Have you ever been at a dinner party when this scenario occurred?

And what do you do?

I’m a teacher.

Oh that’s nice…(turns to another person at the party)

Unfortunately many of us have had that experience.  In the US we have a pretty serious problem with respect for the teaching profession. The idea that teaching means summers off and free afternoons needs to change.  In reality the truth is:

Teaching is intellectually complex work.  


photo credit: ehomedesignideas.com

This is especially true for teaching that is aimed at developing innovative problem solvers who are ready to tackle the issues plaguing our world.  Developing students as fair-minded, collaborative, passionate innovators is no simple task.

When you are trying to make a big shift in an already complex discipline, things can get overwhelming really fast.

We assert, however, that just because we are trying to do something complex doesn’t mean it has to be overwhelming.

For the past few weeks, we’ve been discussing how uncovering the big ideas of a discipline and their relationship to one another allows students to transfer their learning and unlock new situations.  The same works for education.  Understanding  the big ideas of education and how they relate helps educators process new information and strategies, apply their knowledge in the classrooms, and create innovative methods to improve learning.


If our goal is to re-imagine education to not only prepare students to contribute to building a healthy, sustainable, and just world, but provide them with opportunities to build that world today, then we need a framework for education to help us get there.

Without a way to organize all the parts involved, trying to achieve this goal can start to feel like this:


Without a way to prioritize the steps, we might try to do everything at once – a surefire recipe to meltdown.

So for the the last two months, we’ve been sharing our 5-stage framework for how to hold it all together in this complex and fast-paced world of re-inventing education.  It’s sort of like a filing cabinet for your brain that helps you connect all the parts to the big picture.  While there’s definitely other ways you could create a framework, this one has helped us.


The framework focuses on principles that are at the core of transforming education.    These principles organize many of the fads, trends, and strategies of education (preventing that overwhelmed feeling).  They also help us decide if what we are doing is really pushing us in the right direction – we can ask ourselves whether a given strategy, initiative, or plan aligns with a principle.  If not, we can throw it out without feeling guilty that we aren’t trying out everything possible to help our students.

Having a  framework also allows us to focus on one area at a time.  The stages build on each other.  Before you can really get into concepts in your class, you should have worked out active processing.  Of course, that doesn’t mean to improve your practice you have to march through the stages in order, but it’s organized to help you prioritize.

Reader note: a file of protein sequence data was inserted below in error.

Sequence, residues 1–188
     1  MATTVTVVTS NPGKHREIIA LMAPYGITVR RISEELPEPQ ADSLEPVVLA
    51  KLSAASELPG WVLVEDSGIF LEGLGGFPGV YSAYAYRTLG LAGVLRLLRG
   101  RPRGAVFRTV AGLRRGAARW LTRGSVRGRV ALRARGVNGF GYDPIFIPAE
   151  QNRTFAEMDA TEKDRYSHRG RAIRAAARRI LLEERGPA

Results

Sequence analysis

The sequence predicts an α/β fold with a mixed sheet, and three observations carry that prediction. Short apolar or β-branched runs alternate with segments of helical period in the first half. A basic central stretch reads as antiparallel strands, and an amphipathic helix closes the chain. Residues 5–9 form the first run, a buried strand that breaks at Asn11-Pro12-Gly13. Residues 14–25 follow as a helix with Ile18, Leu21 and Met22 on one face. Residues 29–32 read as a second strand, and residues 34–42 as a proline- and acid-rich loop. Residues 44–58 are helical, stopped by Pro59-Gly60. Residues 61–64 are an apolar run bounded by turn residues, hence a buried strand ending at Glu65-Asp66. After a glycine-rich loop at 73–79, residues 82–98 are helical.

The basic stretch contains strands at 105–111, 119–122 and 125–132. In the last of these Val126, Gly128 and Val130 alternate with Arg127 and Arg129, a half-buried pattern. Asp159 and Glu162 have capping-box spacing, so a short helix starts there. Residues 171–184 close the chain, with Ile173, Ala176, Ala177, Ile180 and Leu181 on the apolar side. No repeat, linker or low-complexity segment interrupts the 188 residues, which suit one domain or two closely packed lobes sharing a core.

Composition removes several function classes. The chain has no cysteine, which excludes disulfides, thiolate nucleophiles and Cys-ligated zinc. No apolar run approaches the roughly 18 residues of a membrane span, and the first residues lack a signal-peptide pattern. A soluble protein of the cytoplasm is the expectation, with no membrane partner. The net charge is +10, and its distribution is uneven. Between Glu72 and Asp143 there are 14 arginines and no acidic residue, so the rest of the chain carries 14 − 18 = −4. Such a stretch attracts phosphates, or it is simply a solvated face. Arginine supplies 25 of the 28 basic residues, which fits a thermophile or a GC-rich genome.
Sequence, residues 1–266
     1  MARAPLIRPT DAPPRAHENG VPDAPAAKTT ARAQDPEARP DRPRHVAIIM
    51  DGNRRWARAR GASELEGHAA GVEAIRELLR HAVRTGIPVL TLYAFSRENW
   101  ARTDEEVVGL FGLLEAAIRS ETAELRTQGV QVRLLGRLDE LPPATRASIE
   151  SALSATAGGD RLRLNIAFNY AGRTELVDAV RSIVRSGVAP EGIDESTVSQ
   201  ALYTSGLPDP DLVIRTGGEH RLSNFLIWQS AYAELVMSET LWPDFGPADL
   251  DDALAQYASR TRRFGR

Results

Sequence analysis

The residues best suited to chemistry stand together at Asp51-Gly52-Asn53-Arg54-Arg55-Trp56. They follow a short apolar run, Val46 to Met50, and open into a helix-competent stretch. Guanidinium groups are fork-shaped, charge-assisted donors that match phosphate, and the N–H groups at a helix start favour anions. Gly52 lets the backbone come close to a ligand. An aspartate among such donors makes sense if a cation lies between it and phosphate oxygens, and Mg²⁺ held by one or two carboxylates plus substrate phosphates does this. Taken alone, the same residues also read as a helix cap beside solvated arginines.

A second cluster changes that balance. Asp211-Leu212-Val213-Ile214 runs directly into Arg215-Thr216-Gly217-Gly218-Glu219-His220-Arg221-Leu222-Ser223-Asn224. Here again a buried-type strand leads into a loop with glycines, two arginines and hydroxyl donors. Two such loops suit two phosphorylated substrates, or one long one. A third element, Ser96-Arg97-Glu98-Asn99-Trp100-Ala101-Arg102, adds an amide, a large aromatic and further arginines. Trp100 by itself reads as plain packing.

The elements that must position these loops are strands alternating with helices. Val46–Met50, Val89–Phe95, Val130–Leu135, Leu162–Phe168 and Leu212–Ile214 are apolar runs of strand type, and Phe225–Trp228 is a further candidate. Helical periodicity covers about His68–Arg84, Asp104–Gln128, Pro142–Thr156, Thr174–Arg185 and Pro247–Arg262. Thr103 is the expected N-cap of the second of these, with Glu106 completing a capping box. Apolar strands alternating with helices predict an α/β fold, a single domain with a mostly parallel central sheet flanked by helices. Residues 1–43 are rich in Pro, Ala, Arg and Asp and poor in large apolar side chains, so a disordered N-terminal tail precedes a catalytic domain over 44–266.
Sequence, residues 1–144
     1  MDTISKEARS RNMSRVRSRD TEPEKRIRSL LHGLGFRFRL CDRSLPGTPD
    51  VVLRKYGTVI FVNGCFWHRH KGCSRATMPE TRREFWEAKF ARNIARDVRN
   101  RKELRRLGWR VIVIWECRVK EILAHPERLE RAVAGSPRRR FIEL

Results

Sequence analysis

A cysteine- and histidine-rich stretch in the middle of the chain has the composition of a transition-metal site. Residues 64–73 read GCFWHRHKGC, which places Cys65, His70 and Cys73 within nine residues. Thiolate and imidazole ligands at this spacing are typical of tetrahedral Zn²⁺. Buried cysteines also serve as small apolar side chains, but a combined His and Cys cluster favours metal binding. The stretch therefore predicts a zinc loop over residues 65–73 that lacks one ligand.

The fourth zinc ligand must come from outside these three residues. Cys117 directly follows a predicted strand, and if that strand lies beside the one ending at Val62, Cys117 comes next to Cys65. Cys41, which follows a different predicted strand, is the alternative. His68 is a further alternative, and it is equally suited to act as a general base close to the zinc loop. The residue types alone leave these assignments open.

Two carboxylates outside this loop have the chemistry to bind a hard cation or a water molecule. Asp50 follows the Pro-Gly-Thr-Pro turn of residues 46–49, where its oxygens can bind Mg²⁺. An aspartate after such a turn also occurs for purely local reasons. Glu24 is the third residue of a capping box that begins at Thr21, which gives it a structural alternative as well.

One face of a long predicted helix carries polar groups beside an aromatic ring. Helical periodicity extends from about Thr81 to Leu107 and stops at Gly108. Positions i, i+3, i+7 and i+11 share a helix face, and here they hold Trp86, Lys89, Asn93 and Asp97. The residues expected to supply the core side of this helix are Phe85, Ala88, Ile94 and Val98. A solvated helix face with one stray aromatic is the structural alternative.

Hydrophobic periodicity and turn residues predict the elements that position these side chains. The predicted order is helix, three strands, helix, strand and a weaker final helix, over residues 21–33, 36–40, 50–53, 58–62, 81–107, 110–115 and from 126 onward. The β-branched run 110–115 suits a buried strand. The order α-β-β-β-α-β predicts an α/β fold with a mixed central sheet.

So far we’ve covered 3 of the 5 stages.  Each stage is an important part of developing students who will save the world.  Here’s a quick recap:

1) Learning & Leadership (for adults)

To transform education, adults need to be committed to continuous learning and willing to take risks, reflect on their practice, and question assumptions.  

To transform education, leaders should strive to be generative, cage-busting systems-thinkers.  

Think about it – How would you explain those principles in your own words?

2) Joyful, Efficient Learning & Active Processing

Learning happens best in an efficient and joyful environment.

Learning happens best when students are actively processing information.  

Think about it –   What’s an example of each principle?   

3) Concepts & Metacognition

 Learning happens best when students uncover the relationships between big ideas and transfer their understanding to novel situations.

Learning happens best when students become of aware of their thinking and systematically refine it and increase its sophistication.  

Think about it- What’s a non-example of each principle? 

Over the next few weeks, we’ll talk about the final 2 stages: 

4) Disciplinary Thinking 

5) Innovative Problem Solvers

Ready to try the framework out?  Here’s the plan: use this chart to help you organize your knowledge about education.  Write down all the different strategies, techniques, and facts you use/know in the stage that they correspond to.

photo credit: theatlantic.com

photo credit: theatlantic.com

Hopefully you’ll see how all the those discrete actions and bits of knowledge connect with principles.  Organizing your knowledge in this way allows you to:

-more quickly integrate new learning

-use what you already know

-figure out what is the core and what is changeable allowing you to – yes you know it – innovation

So go ahead and take a few minutes to organize your knowledge in this framework and post it here!  We can’t wait to see what you come up with!

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